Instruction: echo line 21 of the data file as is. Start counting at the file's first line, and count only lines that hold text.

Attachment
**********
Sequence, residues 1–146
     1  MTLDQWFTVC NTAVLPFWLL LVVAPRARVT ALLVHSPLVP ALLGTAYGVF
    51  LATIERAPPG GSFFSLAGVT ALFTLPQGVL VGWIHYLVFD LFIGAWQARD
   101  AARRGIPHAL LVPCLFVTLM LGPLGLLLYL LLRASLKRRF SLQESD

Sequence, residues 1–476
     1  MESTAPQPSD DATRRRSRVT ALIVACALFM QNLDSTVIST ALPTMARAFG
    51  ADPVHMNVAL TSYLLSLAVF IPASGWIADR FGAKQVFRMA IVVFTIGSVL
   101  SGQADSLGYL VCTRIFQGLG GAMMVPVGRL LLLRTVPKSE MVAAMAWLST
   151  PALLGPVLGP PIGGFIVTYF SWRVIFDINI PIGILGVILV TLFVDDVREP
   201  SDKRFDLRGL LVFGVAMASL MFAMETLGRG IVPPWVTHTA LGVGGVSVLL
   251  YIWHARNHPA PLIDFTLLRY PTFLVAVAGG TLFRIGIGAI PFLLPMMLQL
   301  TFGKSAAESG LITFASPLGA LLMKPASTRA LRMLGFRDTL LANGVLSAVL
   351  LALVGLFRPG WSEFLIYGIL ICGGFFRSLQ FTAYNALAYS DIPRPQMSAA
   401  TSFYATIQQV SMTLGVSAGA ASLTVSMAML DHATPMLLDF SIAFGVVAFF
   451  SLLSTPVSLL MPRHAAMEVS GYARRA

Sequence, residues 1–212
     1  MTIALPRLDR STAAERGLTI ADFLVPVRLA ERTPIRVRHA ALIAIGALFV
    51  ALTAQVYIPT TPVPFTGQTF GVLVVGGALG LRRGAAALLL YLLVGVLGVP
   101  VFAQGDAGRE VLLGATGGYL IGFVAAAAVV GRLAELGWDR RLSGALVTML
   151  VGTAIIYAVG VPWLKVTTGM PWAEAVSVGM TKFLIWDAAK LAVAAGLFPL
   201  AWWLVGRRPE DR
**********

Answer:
   201  AWWLVGRRPE DR